May 23, 2013 | David F. Coppedge

The Evolution of Penguins

Science reporters are dancing with happy feet about a news story supposedly explaining how penguins evolved.

The new documentary Flight: The Genius of Birds states, “More than 9,000 species of birds have been identified in the world, and nearly all of them can fly.”  The “nearly all” reserves room for flightless birds, such as ostriches, kiwis and penguins.  The flightless cormorant on the Galapagos, with its pathetically stunted wings, appears to have descended from mainland birds capable of flight, later becoming adapted to flightlessness on the islands where swimming was sufficient for survival.  This is a similar kind of “evolution” to that of blind cave fish, descended from normal fish, losing their eyes as they became adapted to total darkness.  In addition, some fossils alleged to be “feathered dinosaurs” are thought by some paleontologists to have been secondarily flightless birds (4/27/12).  But what about penguins?

Penguins are superb swimmers, well adapted to their Antarctic climate.  They use their wings to “fly” in a different fluid—water, not air.  The sight of a swarm of penguins darting through the water under the ice with speed and grace makes for dramatic film footage.  Most of the major science news sites (e.g., BBC News, National Geographic, Science Now, Nature News, New Scientist) are claiming that the “puzzle” of penguin flightlessness has been “solved” in a new study published in PNAS.  Earlier theories suggested that the lack of predators led to flightlessness, or that evolution had a hard time producing a wing that was good at both flying and swimming.

An international team took a different approach.  They measured the energy demands of flight.  There’s no question that maintaining flight in the air is costly.  Some birds, like cormorants and penguins, are good at both.  But if aerial flight is not required for successful feeding, a bird could focus its wings, feet, and other body parts on just the swimming.

The authors measured the energy cost of flying for the guillemot, a bird that looks remarkably like a penguin but can fly (see photo on PhysOrg‘s article; see also 7/23/12 entry).  They found that its wings allow it to barely stay aloft; it is exhausting for the bird, that swims effectively to catch fish.  They feel the guillemot is near a “tipping point” where it might some day reach an “evolutionary trade-off” to give up aerial flying. They also compared the energy expenditures for murres (10/27/11) and cormorants (5/24/04), two other kinds of fishing seabirds.  One co-author put it, “Basically the hypothesis is that as the wings became more and more efficient for them to dive, they became less and less efficient for them to fly.”  The abstract says,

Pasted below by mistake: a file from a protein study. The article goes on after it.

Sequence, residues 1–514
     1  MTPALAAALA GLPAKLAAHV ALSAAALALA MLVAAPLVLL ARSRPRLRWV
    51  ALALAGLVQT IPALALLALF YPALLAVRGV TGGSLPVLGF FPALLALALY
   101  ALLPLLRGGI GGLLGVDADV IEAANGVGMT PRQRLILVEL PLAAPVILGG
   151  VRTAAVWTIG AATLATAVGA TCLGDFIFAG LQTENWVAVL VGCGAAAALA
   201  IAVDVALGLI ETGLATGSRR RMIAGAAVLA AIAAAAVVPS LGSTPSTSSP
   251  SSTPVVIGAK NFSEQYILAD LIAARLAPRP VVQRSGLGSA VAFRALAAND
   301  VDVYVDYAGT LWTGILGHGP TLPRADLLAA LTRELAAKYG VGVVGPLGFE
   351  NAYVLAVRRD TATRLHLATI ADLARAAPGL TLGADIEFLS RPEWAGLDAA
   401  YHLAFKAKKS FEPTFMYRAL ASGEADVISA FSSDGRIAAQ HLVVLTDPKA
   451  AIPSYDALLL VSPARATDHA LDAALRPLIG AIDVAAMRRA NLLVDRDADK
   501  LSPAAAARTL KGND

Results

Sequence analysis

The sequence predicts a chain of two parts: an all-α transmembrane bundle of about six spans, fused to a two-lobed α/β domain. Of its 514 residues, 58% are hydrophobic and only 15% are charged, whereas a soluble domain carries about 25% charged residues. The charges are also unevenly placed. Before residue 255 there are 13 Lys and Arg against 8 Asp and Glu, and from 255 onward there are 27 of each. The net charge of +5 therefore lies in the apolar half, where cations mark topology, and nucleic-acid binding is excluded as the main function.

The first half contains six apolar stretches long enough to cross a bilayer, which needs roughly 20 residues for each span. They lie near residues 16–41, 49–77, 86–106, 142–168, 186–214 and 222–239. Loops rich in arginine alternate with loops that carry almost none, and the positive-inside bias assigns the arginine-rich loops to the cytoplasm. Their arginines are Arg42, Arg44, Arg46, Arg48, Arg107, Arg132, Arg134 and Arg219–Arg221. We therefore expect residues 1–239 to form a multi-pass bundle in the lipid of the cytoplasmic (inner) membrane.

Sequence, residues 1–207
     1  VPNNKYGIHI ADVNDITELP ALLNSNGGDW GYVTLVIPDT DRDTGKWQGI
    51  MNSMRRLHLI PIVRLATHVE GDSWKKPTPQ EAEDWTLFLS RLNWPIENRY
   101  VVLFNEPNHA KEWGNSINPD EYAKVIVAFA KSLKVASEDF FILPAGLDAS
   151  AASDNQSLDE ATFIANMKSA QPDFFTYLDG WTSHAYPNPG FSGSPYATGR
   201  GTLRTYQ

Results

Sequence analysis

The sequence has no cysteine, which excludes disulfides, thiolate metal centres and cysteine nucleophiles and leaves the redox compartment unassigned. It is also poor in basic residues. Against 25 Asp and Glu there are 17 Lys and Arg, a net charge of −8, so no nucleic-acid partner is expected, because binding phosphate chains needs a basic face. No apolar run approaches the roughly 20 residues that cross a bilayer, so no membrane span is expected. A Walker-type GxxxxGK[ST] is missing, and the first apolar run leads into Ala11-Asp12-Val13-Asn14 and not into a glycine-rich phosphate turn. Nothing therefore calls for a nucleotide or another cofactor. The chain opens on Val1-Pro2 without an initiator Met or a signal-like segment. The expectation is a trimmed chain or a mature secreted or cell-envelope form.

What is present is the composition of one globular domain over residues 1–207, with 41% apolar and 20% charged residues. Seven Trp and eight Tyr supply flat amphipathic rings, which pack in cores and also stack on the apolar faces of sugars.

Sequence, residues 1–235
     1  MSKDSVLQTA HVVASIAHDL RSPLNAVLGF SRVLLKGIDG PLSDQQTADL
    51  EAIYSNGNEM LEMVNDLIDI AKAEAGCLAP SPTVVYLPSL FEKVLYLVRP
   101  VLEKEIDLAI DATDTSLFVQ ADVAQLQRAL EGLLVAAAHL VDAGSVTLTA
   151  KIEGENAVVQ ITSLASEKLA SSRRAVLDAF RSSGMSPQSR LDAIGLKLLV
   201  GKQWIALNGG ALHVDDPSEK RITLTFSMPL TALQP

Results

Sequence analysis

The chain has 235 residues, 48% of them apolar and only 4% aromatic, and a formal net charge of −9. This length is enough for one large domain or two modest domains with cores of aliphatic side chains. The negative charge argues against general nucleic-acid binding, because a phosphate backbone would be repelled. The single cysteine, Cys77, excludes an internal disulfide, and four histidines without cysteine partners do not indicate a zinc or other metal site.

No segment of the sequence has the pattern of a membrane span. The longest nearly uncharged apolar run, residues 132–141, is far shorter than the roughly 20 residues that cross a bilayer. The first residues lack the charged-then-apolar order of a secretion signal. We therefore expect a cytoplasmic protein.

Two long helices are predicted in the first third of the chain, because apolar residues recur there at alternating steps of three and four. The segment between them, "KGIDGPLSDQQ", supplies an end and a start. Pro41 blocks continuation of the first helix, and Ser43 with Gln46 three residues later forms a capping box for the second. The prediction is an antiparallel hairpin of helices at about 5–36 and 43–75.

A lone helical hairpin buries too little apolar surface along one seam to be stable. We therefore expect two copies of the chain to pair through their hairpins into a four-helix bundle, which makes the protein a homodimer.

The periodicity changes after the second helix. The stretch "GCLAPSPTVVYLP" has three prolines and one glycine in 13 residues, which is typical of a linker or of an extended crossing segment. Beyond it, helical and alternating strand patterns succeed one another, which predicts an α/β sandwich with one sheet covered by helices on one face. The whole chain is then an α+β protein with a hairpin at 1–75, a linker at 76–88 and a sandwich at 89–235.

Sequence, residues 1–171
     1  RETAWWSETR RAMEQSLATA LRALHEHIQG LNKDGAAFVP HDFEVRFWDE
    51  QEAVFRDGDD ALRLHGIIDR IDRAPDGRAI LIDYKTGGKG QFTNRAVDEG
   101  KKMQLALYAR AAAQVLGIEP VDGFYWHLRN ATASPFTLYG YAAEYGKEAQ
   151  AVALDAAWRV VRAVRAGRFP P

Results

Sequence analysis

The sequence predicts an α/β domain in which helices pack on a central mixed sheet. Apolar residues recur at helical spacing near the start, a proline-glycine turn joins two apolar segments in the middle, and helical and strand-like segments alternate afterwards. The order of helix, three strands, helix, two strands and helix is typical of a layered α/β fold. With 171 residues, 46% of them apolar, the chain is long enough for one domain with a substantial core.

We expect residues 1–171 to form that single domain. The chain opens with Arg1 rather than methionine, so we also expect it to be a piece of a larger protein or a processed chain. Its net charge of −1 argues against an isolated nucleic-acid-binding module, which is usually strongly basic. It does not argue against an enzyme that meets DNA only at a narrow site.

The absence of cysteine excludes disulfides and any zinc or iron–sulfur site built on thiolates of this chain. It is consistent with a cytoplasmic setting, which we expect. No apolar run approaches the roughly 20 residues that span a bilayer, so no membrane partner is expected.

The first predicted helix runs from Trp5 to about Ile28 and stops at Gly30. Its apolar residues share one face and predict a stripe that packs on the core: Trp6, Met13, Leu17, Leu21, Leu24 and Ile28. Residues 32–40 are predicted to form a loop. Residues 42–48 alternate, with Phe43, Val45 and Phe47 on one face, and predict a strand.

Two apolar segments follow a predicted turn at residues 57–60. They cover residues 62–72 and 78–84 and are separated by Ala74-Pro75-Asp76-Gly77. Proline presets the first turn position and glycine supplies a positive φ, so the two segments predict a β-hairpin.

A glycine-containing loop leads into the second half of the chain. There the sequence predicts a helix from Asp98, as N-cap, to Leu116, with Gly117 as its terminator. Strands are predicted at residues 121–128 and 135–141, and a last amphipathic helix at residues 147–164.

These results strongly support the hypothesis that function constrains form in diving birds, and that optimizing wing shape and form for wing-propelled diving leads to such high flight costs that flying ceases to be an option in larger wing-propelled diving seabirds, including penguins.

But how is the change explained in evolutionary theory?  Surprisingly, none of the articles mentioned natural selection, even though National Geographic‘s headline quipped, “Why Did Penguins Stop Flying? The Answer Is Evolutionary.” There was no mention of a mechanism for evolving a penguin out of a flying seabird.  Presumably, the loss of aerial flight occurred by some kind of negative selection, or “de-evolution.”  This doesn’t explain, though, why some seabirds maintained both swimming and flight.  Guillemots do not seem to be evolving into something else.  In the 7/23/12 entry, researchers found that the birds maintain their energy fitness into old age, even though flight is costly.  Certainly, none of the flightless birds thought about exercising an “option” to go swimming only.  Somehow, the adaptation had to make it into the genes, otherwise it sounds like Lamarckism (use and disuse, inheritance of acquired characteristics).